Postcoital testingBMJ 1999; 318 doi: http://dx.doi.org/10.1136/bmj.318.7189.1007a (Published 10 April 1999) Cite this as: BMJ 1999;318:1007
Criterion for positive test was not given
- M G R Hull, Professor of reproductive medicine and surgery.,
- J L H Evers, Professor of obstetrics and gynaecology.
- University of Bristol, Division of Obstetrics and Gynaecology, St Michael's Hospital, Bristol BS2 8EG
- Academisch Ziekenhuis Maastricht, NL-6202 AZ Maastricht, Netherlands
- St Bartholomew's Hospital, London EC1A 7BE
- Department of Reproductive Medicine, Division of Obstetrics and Gynaecology, University Hospital Utrecht, NL-3584 CX Utrecht, Netherlands
- Department of Public Health, Erasmus University Rotterdam, NL-3000 CA Rotterdam, Netherlands
- Department of Obstetrics and Gynaecology, Saint Joseph Hospital, NL-5500 MB, Veldhoven, Netherlands
- Department of Obstetrics, Gynaecology and Reproductive Medicine, Leiden, University Medical Center, NL-2300 RC Leiden, Netherlands [email protected]
- Department of Obstetrics, Gynaecology and Reproductive Medicine, Flinders, University of South Australia, Adelaide, SA 5042, Australia
EDITOR—In their report on postcoital testing Oei et al applied inappropriate trial methods to the use of a diagnostic rather than a therapeutic procedure.1Their interpretation was consequently misleading and further invalidated by biased selectivity. A diagnostic procedure cannot alter outcome, except by influencing the choice of treatment specific to a diagnosis. Numerous treatments were applied non-specifically and inconsistently, invalidating study outcome. Intrauterine insemination was incorrectly described as specific for negative postcoital findings but is used equally, like in vitro fertilisation, in couples who tested positive, although success rates differ.
The only significant finding was that the sum frequency of more than five different treatments used was slightly greater in tested couples than in those not tested (54% versus 41%). Invasive investigations (hysterosalpingography, laparoscopy) were, however, apparently used less frequently in the tested group. Pregnancy rates were not significantly different between couples with negative and positive tests, but no account was taken of possible effects of the treatment, or (in that part of the analysis) of the likelihood that couples who conceived too soon to be tested would have had a positive test result.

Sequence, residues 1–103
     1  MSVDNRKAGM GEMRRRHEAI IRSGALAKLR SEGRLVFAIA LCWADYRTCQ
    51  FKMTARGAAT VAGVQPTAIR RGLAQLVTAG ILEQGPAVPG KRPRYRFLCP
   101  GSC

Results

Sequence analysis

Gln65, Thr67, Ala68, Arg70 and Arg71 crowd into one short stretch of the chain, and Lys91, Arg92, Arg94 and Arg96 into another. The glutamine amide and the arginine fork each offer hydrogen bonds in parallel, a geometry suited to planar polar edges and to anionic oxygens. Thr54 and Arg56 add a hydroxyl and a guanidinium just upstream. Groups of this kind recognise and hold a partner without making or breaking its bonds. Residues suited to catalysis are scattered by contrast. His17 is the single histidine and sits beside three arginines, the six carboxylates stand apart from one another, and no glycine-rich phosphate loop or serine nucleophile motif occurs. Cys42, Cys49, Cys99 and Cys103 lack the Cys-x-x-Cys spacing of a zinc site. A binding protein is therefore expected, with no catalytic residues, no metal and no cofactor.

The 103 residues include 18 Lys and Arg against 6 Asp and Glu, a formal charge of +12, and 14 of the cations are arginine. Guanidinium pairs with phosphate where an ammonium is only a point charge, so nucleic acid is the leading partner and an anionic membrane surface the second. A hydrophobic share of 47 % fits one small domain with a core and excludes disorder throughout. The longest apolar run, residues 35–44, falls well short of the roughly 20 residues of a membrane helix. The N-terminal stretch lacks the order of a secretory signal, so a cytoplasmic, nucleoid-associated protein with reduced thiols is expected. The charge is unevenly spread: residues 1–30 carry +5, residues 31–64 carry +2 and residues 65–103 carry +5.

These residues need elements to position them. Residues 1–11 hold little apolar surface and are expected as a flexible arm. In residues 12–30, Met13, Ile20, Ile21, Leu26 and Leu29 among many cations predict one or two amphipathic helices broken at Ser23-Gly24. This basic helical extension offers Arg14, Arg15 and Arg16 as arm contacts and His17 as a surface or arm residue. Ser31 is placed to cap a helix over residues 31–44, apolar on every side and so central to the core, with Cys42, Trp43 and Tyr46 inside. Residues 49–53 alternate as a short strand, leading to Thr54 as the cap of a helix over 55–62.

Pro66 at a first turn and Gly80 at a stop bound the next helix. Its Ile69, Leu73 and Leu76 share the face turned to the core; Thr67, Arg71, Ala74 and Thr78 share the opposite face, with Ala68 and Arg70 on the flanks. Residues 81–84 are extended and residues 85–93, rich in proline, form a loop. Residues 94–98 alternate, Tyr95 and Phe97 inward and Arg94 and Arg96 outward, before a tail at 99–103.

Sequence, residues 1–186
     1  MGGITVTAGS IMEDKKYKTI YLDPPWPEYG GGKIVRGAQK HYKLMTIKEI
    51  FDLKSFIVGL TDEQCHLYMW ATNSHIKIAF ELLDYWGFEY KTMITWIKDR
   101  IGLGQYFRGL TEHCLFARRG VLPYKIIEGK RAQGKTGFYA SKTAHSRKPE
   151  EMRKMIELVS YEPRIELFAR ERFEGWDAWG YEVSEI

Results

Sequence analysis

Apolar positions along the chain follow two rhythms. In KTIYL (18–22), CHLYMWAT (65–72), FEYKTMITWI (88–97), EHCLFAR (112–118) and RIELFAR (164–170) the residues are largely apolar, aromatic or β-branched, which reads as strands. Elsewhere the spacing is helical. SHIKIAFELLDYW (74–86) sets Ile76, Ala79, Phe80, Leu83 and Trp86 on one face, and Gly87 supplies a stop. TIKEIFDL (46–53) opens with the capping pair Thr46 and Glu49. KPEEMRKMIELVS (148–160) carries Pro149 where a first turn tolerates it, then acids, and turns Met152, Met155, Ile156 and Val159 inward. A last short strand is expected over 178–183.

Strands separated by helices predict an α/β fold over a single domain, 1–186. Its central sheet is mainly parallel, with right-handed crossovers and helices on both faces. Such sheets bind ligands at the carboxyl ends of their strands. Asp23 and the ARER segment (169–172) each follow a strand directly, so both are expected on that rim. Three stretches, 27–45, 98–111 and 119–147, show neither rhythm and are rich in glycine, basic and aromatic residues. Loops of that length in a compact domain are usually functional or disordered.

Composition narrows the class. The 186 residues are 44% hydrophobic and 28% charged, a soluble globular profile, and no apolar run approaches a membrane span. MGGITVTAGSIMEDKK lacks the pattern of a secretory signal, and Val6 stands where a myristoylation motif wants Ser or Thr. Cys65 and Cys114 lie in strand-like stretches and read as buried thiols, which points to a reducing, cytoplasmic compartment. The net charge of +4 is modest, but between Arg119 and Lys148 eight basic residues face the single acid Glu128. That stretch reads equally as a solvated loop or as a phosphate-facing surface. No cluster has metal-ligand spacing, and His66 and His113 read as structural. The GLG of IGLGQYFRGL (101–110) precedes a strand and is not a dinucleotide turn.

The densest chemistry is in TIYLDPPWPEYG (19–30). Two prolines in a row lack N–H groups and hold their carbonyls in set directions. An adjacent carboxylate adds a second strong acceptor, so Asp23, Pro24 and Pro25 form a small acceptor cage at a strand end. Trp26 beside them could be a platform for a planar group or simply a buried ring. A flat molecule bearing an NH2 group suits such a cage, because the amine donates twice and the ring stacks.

Oei et al did not mention their criterion for a positive test although there is 10-fold variation in use between centres, based on arbitrary choice. Several reports use the properly derived criterion of one progressively motile spermatozoon per high power microscope field, and properly controlled outcome (pregnancy rate) studies, and they describe the distinguishing power of postcoital testing, but none were mentioned by Oei et al. These include studies of natural conception rates without treatment in otherwise unexplained infertility.2–4Furthermore, the predictive power of postcoital testing has been shown to override that of semen analysis, 3–4which is consistently a weak predictor of fertility except when sperm numbers are severely …
Log in using your username and password
Log in through your institution
Register for a free trial to thebmj.com to receive unlimited access to all content on thebmj.com for 14 days.
Sign up for a free trial